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PostPosted: Thu Mar 21, 2019 11:22 am 
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This is something I've been wondering about ever since hearing about it in maybe 1 or 2 translated Japanese interviews (getting info on what audio work on the SNES was like seems incredibly sparse compared to the wealth of anecdotes available for other systems) and was hoping people here could maybe clear things up.

Basically, what I heard was that if you wanted custom samples for your game Nintendo required you to mail over the samples to them, let them convert the samples to the appropriate format, and then wait for them to mail the processed assets back to you, and that this was very frustrating not just due to the wait but also due to them not always doing a great job with the results.
Is this true and if so, why? The best reason I could think up is that this was a consequence of Nintendo locking down the SNES so hard after the rampant bootleg industry for the NES, so they wanted to make unlicensed development as difficult as possible.

I can imagine this would have killed any semblance of an iterative workflow. You'd basically have one shot at getting it all right, have to plan out everything rigorously and then simply hope for the best.


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PostPosted: Thu Mar 21, 2019 11:31 am 
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I could've sworn I'd heard that the devkit had a microphone port to record samples.


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PostPosted: Thu Mar 21, 2019 10:36 pm 
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It's probably worth asking The Fat Man (George Sanger) how the sound samples were baked or converted.

Might mention it in his book, although I've only paged thru it:
Sanger, George. The Fat Man on Game Audio: Tasty Morsels of Sonic Goodness (Paperback). New Riders Games. ISBN 1-59273-009-4.
Probably available in your local library system?

Bottom line is, the people that would know this are still alive and can be asked.


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PostPosted: Fri Mar 22, 2019 2:06 am 
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The BBR rate is documented in Book 1 of the SNES developers manual and thus each company probably just wrote their own tool to do it, or one company made and sold tools for it. Maybe early on it wasn't documented or people would just send data to Nintendo for them to do it rather than invest in their own tools.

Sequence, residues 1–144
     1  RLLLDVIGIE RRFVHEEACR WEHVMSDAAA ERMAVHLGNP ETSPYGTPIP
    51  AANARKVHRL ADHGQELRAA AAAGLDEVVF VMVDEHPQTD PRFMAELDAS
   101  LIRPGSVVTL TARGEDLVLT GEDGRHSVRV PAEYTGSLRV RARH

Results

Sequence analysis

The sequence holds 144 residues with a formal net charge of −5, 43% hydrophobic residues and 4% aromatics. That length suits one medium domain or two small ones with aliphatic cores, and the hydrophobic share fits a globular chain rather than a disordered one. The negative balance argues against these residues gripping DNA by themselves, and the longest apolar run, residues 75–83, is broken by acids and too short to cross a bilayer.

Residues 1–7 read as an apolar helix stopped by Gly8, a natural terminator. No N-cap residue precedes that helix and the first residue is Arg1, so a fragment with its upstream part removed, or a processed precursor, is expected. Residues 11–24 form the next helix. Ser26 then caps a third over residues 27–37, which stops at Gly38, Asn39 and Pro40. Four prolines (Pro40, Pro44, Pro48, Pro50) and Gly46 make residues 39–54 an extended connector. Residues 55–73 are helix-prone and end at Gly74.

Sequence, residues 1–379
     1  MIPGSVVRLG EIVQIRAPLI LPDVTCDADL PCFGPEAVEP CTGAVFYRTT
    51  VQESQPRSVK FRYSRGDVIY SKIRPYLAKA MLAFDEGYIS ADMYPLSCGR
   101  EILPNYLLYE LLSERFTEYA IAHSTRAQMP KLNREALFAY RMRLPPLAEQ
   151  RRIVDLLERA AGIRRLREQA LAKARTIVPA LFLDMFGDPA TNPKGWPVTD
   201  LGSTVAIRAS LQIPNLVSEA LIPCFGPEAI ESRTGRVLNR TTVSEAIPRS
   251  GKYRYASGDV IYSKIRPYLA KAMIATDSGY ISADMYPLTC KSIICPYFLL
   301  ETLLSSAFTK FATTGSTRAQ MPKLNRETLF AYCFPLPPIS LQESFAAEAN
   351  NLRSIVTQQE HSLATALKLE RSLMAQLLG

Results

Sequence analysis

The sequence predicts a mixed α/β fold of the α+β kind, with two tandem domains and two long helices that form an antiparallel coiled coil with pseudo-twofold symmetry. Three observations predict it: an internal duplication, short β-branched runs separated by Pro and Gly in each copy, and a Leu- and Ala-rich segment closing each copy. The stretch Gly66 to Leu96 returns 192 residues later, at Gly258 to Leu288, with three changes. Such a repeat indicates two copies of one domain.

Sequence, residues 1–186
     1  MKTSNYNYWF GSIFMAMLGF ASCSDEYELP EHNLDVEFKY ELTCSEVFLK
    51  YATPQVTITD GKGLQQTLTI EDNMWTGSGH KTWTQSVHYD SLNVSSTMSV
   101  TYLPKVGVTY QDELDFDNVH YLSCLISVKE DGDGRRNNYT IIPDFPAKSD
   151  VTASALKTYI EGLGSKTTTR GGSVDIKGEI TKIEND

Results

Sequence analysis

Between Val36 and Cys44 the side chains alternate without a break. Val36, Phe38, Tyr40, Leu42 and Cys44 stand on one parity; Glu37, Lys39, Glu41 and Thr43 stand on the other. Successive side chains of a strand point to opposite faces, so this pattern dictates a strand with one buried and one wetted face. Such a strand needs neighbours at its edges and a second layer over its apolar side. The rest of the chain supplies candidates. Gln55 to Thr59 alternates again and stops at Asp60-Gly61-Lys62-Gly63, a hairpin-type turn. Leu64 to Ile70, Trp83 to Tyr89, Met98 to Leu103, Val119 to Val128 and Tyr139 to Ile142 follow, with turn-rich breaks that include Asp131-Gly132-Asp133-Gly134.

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PostPosted: Fri Mar 22, 2019 8:16 am 
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Yeah the known documents are of a late version that documents all kinds of things like Super Game Boy and SA-1, so I also thought that interview was from earlier experiences in SNES development, before Nintendo solved the problem by releasing better documents. During the NES days they hardly released any documents at all according to interviews with third party developers as Nintendo initially didn't want any third party support.

I don't know about the sample format, but I read that Sony charged Nintendo a hefty license fee for every released game for using the S-SMP and also sold very expensive development tools for the chip. Maybe they took care of the sample conversion as well at first.


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PostPosted: Fri Mar 22, 2019 11:10 am 
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It might be interesting to check this out:
https://assemblergames.com/threads/is-sound-emulator-se-sound-debugger-files.70725/
"disc with driver and programs for SFC/SNES sound development". Seems to be for the IS-Sound or Emulator SE hardware. I haven't yet looked at it myself.


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PostPosted: Fri Mar 22, 2019 12:18 pm 
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You could also consider asking Ian Schmidt, who did a lot of the sound driver bits for SNES games at Tiburon back in the 90s. I don't think he'd be uncomfortable answering such a question ("did you have to submit sample data to Nintendo to have them give you BSS-encoded results?"). Just be clear/concise with your questions and keep them short.


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